Fit a new cap if you suspect coolant loss.
Fit a new cap if you suspect coolant loss.

Don't ignore a car that loses coolant

By Ken Corkett Time of article published Dec 7, 2012

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Coolant loss is a cause for concern, but many live with it as “just one of those things” and are quite happy to check and top the system up regularly.

When I remarked to a client that his car’s coolant level was low, he shrugged and said he kept his eye on it and refilled when necessary. He said the engine never overheated, even around town, and there were no obvious leaks.

He had had the system pressure-tested and no leakage was shown. There was no steam from the exhaust either, so he assumed the coolant loss was normal.

The expansion tank filler cap is a prime suspect when coolant loss occurs. Some people, as a temporary measure, tie a plastic bag over the end of the overflow pipe to see if any coolant is escaping.

Rather than fiddle around like that, I would fit a new cap.

Let’s face it, if the engine is losing coolant, it must be leaking out or leaking in. In serious cases of the latter, it should show up on the dipstick.

Instead of the normal oil colour, there will be white emulsion on the dipstick and the oil level will rise.

Another possibility is that it is leaking into the induction system and this would make itself known by the previously mentioned steam from the exhaust.

Combustion pressures leaking into the cooling system would cause it to become over-pressurised and if you suspect this, ask at your friendly local garage mechanic to hold an exhaust gas analyser over the coolant in the reservoir.

This will clearly show if combustion pressures are leaking, probably past the cylinder head gasket, into the coolant.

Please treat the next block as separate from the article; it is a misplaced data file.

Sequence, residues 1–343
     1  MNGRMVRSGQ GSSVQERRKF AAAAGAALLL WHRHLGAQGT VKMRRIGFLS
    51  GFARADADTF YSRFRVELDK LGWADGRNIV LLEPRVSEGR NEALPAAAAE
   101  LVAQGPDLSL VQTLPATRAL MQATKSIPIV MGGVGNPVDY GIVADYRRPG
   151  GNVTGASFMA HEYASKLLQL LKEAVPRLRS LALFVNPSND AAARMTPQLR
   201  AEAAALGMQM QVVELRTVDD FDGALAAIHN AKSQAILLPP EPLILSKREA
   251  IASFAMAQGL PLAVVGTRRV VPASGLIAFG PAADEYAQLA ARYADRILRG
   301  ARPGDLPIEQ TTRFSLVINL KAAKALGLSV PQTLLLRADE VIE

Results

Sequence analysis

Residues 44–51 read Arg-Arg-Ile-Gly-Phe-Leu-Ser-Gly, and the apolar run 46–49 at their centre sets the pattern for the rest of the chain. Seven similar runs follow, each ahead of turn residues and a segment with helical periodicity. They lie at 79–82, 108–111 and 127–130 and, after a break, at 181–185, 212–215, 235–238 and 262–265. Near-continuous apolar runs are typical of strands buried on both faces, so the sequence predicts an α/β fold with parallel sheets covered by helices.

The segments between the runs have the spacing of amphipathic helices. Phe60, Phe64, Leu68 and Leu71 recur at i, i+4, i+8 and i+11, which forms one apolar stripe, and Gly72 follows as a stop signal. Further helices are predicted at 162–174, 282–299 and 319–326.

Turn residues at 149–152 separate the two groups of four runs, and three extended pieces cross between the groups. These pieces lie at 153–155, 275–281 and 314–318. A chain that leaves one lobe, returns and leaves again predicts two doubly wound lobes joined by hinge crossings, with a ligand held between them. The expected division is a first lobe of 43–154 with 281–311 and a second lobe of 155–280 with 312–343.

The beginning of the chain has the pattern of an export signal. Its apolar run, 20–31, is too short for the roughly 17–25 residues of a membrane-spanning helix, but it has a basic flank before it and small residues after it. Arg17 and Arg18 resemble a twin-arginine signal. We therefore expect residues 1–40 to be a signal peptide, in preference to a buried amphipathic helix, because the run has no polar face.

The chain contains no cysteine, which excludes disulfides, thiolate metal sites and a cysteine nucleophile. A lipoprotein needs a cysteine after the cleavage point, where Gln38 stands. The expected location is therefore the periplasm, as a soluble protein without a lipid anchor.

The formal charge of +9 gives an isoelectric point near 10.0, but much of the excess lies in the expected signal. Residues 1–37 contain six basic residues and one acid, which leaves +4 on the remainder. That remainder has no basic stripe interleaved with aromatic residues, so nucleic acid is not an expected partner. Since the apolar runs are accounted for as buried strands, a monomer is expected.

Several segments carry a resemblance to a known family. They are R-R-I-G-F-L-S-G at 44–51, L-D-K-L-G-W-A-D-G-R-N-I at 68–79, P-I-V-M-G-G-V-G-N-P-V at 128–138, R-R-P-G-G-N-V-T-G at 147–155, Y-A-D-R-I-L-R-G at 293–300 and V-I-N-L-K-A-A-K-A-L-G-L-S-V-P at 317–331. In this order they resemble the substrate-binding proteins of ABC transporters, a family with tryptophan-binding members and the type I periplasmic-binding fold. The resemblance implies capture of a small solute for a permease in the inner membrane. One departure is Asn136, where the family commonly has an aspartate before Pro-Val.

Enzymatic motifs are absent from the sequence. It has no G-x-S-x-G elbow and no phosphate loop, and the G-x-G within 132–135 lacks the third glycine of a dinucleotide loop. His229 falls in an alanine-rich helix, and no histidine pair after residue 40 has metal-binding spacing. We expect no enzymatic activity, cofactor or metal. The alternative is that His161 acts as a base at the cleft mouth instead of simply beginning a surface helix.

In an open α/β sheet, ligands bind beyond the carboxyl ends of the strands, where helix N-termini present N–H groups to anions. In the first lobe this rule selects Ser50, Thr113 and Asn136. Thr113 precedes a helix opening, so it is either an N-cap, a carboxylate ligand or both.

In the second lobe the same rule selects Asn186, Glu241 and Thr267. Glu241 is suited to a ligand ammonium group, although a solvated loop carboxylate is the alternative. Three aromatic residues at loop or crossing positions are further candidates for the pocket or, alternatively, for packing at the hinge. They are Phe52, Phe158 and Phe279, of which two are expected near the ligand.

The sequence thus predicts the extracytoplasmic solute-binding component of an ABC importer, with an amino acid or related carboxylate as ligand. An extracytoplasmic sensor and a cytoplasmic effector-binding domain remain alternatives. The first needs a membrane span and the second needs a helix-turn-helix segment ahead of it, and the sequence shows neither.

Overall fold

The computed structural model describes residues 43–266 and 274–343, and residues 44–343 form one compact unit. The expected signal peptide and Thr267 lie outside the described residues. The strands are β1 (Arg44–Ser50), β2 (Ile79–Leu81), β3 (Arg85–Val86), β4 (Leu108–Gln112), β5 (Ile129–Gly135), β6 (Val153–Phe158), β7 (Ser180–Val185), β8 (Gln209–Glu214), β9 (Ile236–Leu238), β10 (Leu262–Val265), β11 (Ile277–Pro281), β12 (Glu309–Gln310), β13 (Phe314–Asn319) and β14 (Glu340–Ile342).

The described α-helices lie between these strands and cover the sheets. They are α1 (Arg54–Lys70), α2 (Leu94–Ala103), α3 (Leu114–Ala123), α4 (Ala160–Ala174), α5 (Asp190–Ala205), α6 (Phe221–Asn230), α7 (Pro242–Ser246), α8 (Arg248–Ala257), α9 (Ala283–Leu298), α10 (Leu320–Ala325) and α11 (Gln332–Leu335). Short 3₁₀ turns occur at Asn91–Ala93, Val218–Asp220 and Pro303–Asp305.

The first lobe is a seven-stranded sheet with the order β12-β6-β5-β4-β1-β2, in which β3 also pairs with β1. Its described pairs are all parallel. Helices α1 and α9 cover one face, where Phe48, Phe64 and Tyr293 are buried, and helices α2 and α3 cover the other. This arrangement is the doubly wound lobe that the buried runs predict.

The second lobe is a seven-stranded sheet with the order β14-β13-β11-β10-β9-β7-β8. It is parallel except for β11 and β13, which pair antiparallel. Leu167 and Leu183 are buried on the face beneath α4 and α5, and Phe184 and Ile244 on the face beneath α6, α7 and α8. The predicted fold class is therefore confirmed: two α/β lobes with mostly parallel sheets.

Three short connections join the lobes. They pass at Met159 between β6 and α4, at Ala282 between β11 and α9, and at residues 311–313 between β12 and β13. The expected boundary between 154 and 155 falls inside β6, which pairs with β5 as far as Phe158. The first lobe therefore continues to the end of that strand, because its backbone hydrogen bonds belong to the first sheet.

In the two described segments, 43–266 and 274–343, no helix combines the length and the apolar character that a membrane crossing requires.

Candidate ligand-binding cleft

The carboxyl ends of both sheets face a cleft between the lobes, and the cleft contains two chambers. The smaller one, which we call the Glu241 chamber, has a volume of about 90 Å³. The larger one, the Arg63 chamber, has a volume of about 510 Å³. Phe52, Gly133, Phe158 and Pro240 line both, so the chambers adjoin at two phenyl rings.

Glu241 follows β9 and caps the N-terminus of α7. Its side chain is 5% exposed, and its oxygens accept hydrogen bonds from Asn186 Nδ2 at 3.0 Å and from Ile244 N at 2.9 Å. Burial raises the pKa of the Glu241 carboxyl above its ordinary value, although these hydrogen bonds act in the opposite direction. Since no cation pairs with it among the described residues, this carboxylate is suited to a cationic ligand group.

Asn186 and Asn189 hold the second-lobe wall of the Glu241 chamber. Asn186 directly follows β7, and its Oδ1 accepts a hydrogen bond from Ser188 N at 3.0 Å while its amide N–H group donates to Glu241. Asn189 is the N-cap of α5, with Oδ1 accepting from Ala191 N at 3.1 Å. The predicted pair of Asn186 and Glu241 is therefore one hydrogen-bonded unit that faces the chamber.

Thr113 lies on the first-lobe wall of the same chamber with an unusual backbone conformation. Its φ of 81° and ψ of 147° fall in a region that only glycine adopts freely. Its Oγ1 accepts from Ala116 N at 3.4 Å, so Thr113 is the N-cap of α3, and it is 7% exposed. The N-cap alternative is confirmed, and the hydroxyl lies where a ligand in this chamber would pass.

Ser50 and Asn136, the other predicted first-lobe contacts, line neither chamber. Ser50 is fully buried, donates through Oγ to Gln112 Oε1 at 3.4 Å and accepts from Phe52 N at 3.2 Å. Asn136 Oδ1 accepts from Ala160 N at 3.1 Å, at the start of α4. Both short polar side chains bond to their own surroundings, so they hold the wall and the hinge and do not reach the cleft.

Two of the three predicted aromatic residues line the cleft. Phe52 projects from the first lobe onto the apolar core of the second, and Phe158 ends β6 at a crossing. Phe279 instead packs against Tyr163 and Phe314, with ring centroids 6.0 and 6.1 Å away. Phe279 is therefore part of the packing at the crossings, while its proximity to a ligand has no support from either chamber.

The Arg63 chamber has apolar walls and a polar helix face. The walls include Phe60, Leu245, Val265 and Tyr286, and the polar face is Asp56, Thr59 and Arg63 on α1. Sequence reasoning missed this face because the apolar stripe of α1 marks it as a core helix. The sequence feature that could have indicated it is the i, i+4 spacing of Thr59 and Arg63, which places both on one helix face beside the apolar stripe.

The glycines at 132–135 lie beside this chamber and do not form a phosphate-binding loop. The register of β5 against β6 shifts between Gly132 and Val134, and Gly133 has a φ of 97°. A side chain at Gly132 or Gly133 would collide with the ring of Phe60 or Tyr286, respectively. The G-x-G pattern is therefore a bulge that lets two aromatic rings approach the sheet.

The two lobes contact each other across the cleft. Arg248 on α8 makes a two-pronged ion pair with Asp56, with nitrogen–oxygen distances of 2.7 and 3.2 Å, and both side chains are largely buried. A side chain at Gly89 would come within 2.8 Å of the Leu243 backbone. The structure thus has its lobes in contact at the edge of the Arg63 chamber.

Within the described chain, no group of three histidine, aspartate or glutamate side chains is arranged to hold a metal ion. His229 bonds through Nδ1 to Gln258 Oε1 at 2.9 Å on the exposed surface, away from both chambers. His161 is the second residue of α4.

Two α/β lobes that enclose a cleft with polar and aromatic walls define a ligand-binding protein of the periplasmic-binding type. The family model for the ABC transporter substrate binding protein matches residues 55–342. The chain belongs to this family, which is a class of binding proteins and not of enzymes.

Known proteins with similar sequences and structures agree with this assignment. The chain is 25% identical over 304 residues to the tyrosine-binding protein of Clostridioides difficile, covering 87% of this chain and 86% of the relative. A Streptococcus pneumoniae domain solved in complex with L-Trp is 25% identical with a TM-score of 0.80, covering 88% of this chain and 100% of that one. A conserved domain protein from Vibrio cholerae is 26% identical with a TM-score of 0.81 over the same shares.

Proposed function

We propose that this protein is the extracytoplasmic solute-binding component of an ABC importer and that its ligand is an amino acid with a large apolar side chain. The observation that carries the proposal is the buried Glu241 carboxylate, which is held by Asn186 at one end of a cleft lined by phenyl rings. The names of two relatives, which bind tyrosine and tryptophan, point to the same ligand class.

I suppose it’s natural when coolant loss occurs to immediately imagine a radiator fault. But rather go for a pressure test before laying out money for a new or reconditioned radiator. We have come across leaking hoses; some of them looked fine but were porous.

A corroded thermostat housing has been responsible for many a leak and is far less expensive to replace than a radiator. You might have a tough job if the bolts have corroded into the housing, but with penetrating oil and patience this can often be overcome.

Overheating for any reason, if allowed to continue for long, may damage the radiator, water pump and head gasket, so it’s a catch-22 situation. Many water pumps have plastic impellers and heat does them no good at all. When overheating occurs, check to see if the radiator gets hot at both top and bottom as it should.


Poor circulation may be caused by an air lock, blocked radiator or failing water pump. Note that water pump failure could cause the cam belt to break and possible engine damage. If in doubt about coolant circulation, with the cap off, squeeze the bottom radiator hose several times. The level should rise and fall as you squeeze and release. Drain and flush the radiator with a flushing compound.

Fans can go wrong too. Make certain that electrical type is working. Mechanical types with a central clutch may appear to rotate even if this clutch fails, but not powerfully enough to displace air. If in doubt seek professional advice. - Star Motoring

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